Loyalty Bind – when children feel they must choose.

A loyalty bind is when a child feels ‘caught in the middle’ of the tension between their parents. They feel uncomfortable loving both of you and this creates a great deal of internal conflict for them. This conflict manifests in ways which harm their development. For example, low self esteem, doing poorly at school, higher risk taking behaviours, or expressed anger, depression or anxiety. 

The following examples may be things you are doing consciously, or subconsciously. These things also make up what are referred to as ‘alienating’ behaviours.  Make a list of how many you may be doing. 

When you consider that list, what impact do you think this has on your children?

  • I make negative comments about the other parent.
  • I use negative body language or tone when referring to my child’s other parent.
  • I allow relatives or friends to make negative comments when my child can overhear.
  • I ignore my child’s presence while arguing with the other parent.
  • I discuss the character defects of the other parent when my child can overhear. This includes sharing information that will cause my child to see their other parent in a negative light-telling about an affair or a drug problem, for example(even if it is true, truth is not the issue, good parenting is).
  • I stress to my children how much I miss them when they are with their other parent.
  • I ask my child questions about the visit with the other parent. I also ask questions about the parent, their relatives or someone my child cares about.
  • I say negative things about someone my child cares about.
  • I discuss child support or money issues with my child.
  • I discuss legal or other adult information with my child.
  • I ask my child to do things that might feel like spying.
  • I ask my child to keep secrets that might feel like spying.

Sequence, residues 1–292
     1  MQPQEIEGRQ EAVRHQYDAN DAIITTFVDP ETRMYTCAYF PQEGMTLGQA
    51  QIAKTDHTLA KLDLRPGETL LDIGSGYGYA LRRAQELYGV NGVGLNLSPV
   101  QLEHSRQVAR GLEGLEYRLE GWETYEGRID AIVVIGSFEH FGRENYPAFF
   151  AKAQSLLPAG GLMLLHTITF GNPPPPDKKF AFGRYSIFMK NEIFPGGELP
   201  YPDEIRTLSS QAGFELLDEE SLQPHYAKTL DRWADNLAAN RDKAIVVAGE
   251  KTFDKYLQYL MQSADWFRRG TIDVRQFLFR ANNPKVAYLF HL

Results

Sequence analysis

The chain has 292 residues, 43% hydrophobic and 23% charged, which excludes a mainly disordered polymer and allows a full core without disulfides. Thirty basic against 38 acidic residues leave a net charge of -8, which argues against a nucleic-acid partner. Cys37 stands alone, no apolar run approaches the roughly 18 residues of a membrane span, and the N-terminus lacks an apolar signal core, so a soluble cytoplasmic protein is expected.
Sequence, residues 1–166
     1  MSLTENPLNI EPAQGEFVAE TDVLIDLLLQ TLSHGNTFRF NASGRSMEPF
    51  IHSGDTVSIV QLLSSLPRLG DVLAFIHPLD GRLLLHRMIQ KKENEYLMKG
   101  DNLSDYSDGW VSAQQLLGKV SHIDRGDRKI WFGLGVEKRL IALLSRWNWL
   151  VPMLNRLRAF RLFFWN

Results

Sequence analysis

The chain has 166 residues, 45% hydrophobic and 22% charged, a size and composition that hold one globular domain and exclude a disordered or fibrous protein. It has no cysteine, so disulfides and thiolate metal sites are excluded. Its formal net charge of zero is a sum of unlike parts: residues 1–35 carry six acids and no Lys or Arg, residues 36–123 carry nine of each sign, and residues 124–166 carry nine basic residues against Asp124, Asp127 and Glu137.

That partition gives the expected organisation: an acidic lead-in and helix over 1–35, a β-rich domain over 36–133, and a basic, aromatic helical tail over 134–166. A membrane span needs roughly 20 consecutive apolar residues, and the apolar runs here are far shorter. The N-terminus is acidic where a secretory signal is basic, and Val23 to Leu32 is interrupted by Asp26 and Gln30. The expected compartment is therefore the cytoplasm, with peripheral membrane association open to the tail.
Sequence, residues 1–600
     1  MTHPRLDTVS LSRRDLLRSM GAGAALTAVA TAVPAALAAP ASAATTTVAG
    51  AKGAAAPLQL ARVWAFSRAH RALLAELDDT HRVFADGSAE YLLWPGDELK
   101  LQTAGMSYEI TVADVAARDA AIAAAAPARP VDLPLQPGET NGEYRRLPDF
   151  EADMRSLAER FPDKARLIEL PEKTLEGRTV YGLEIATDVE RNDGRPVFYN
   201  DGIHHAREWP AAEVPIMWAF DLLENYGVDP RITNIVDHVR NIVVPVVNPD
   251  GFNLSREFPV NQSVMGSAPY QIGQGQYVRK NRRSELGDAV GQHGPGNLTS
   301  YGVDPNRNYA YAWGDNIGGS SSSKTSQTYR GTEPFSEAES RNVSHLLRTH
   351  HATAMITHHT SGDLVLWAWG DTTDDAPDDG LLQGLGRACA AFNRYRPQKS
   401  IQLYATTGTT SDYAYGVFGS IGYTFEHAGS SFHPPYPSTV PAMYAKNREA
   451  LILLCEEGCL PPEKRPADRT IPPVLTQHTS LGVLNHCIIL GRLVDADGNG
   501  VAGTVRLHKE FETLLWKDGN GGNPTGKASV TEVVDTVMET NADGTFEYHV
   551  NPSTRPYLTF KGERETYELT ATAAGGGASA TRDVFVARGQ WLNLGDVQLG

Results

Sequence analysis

• I blame the other parent for our divorce or any other circumstances.
  • I refuse to allow the other parent to step into our home. I will not let mychild bring his other parent in our home to see his room or into the backyard to see the new swing set.
  • At our child’s activities, I refuse to sit with the other parent.
  • I refuse to speak to or to make eye contact with the other parent.
  • I refuse to let my child take important items to their other home to show to the other parent.
  • I imply that I am the better parent.
  • I make my child think I am a victim because of the actions of the other parent.
  • I send notes or verbal messages through my child.
  • I make my child feel responsible for my emotional needs. I let my child take care of me.
  • I make my child feel like they are not safe in some way when they are with the other parent.
  • I refuse to let my child sit with their other parent at joint activities when they have come with me to the activity.
  • I block my child’s contact with the other parent (phone calls,time, etc.) or use screening methods to avoid the calls.
  • I remind my child that they can choose to live with me when they reach the legal age.

With thanks to Cooperative Parenting Institute